Next, David discusses the major advantages of cloud technology, being dynamic and flexible. Historically dimensioning the entire production environment for peak utilisation was financially challenging. Now it is possible to dimension it for average use, while leveraging cloud resources for peak usage, providing a more elastic cost model. Moreover, the cloud is a good place to innovate and to experiment because the barrier to entry in terms of cost is low. It encourages both customers and vendors to experiment and to be innovative and ultimately build more compelling and better solutions.
David believes that open and interoperable QoS protocols like RIST will be instrumental in building complex distribution networks in the cloud. He hopes that AWS by working together with Net Insight, Zixi and Cobalt Digital can start to build innovative and interoperable cloud solutions for live sports.
Date: November 14, 2019 / 8am PST / 11am EST / 16:00 GMT
Behind The Stream is an online show containing three webinars designed for sports media broadcasters, athletic teams, and digital rights holders.
The first of the three sessions here covers creating the right experience for the service. Particularly in sports, there are different ways to present graphics and stats, to have interactivity and to innovate in order to keep the audience with you and interested.
The second session is an intriguing look into using machine learning to analyse the video to create metadata, including player tracking and then how to process and display that data to add an extra layer of interest for the audience.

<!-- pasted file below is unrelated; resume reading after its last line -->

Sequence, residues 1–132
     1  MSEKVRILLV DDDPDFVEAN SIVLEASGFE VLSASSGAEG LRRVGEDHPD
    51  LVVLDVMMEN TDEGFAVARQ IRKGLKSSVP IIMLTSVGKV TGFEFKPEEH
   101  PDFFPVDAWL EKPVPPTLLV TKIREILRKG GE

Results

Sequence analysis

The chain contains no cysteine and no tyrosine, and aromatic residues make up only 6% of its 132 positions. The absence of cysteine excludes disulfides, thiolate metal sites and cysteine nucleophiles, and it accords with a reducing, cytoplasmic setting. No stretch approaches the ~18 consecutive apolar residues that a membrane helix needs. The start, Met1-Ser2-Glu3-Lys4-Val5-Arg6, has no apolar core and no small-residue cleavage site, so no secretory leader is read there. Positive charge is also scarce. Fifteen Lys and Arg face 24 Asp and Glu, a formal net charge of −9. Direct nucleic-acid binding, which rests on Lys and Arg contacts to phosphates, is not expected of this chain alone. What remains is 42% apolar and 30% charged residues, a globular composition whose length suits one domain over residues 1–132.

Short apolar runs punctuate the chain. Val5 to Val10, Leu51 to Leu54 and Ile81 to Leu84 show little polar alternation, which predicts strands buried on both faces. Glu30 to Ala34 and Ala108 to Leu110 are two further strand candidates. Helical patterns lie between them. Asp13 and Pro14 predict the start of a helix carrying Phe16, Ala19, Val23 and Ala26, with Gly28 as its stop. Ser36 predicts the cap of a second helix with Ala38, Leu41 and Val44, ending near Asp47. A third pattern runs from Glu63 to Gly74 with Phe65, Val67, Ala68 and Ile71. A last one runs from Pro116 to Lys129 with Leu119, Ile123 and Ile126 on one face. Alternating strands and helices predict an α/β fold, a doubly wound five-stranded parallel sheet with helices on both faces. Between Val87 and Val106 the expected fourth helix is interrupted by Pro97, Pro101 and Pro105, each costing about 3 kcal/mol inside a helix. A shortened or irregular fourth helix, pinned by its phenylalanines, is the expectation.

Lastly, but the longest session of the three, is an hour spent whiteboarding the streaming system itself, how the different elements in the cloud work together and the things to look out for when implementing this for yourself.
Whilst these sessions are specifically about AWS services, much of the principles can be carried over to other cloud providers. With this factor and AWS being synonymous, for many, with ‘cloud’, learning the AWS way of doing things is a fantastic way to learn about operating in the cloud in general.
Networking in the cloud, by rights, should be the same in your office but with it’s a lot easier when you’re led through it. From subnets to VPN’s, this talk from AWS makes sure you can get your VPC (Virtual Private Cloud) talking to other parts of your cloud infrastructure and your office.
Starting with the basics and building up, Perry and Tom take us through the IP address allocation, address choices, firewall configuration, security configuration and then on to Direct Connect, VPNs sharing VPC resources and much more.
From the AWS Summit 2019, this is a great talk for those who know networking well and are new to AWS, as well as those who are comfortable with AWS names, but are a little rusty on the finer points of networking.
Views and opinions expressed on this website are those of the author(s) and do not necessarily reflect those of SMPTE or SMPTE Members.
This website is presented for informational purposes only. Any reference to specific companies, products or services does not represent promotion, recommendation, or endorsement by SMPTE